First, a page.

10 Important Dog Training Tips: Week 1 – No Grey Areas

There are 10 important fundamental tips I use and teach to my clients that all  encourage the success of their dog(s) training program by making everything clear and consistent between you and your dog during the training phase.

What is the training phase? This is the part of your dog’s life that includes the rules and foundations of behaviors being set, and the length of time it takes them to learn this new behavior and follow through 90% of the time. This does not mean for life (unless warranted), but it definitely means for at least the next 6 months to a year (or longer if needed) while your dog is learning. For instance, Caleb (my 1 1/2 yr old German Shepherd) is still in the training phase on his obedience and tricks because now I am working on him following through without any hand or body signals, compliance now comes solely from my verbal cue.

So, I thought I would put together a short series of important tips (10 in total) everyone should remember when training their dog(s). These are the things I find myself telling each and every one of my clients at some point during their lessons with me. Each tip will come out in a different weekly blog so as not to overwhelm you with too much information at one time. I’m hoping this will also allow you to apply each step as you learn it allowing you to mold it into your current training program. I encourage you to challenge yourself, and apply all of these into your daily routines with your furry loved ones.

Week 1 Tip: Everything must be black and white, not grey

This theory is very important to help your dog succeed and teach them in a clear and concise manner. One of the ways we achieve this is making sure there are no grey areas to your dog’s training routines. What does this mean? This means that when you ask your dog to do something or when you set house rules, there are no exceptions, especially during the training phase.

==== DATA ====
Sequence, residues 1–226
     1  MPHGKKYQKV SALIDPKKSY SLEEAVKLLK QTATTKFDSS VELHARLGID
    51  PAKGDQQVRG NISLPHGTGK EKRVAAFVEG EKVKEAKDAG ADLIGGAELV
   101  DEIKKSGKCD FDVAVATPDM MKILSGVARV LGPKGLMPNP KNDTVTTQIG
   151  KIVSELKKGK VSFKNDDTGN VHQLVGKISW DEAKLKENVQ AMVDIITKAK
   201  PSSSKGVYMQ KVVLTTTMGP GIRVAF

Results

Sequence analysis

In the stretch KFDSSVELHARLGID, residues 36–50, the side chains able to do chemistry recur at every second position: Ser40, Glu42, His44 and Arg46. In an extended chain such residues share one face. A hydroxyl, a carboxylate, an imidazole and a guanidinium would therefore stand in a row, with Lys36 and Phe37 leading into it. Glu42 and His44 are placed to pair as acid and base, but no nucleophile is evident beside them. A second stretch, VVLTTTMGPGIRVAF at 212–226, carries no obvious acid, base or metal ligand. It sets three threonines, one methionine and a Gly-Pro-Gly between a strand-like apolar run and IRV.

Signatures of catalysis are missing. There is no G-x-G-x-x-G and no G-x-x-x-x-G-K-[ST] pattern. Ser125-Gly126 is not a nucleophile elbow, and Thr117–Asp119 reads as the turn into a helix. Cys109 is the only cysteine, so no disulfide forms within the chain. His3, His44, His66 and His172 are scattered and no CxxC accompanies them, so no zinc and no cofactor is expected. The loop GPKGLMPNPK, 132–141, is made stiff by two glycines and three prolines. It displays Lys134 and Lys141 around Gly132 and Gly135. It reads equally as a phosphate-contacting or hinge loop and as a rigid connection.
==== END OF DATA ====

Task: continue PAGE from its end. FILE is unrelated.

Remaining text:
doors

For instance, let’s say I want to teach Caleb to be patient at doorways (must sit still while door is opened before being released), I can not let him run through some doorways then yell at him when he doesn’t sit at another doorway. For example: Caleb would get very confused because he has been allowed to run through the back door but now he just got yelled at for running through the front door. To make it very clear to Caleb, he should be asked to sit at all doorways during the training phase so he understands clearly that this new rule applies to every doorway in the beginning. This rule is even applied for coming in from his outdoor kennel as shown below to make everything black and white regarding door manners for Caleb.

 

Another example would be the new rule of your dog not being allowed on the bed as part of your training plan. If I instill this rule, it means Caleb is not allowed on my bed at any time, not just when I don’t want him up there.  To be fair to Caleb, he should not be allowed on my bed at any point during the training phase. This does not mean Caleb will never be allowed on the bed again, it just means that at this point in his training, he must earn the reward of cuddling with me in bed by staying off of it until invited up which could take a while. No matter what kind of sad eyes Caleb gives me, or no matter how much I want to cuddle with him, I can not give in and invite him up because that would cause a grey area in the training. Then, the next day when Caleb jumps up on the bed on his own, it would be very unfair of me to yell at him because I have not made things black and white for him.

*Note: both of these examples can also fall into the consistency category (another tip in the series) as well.

 

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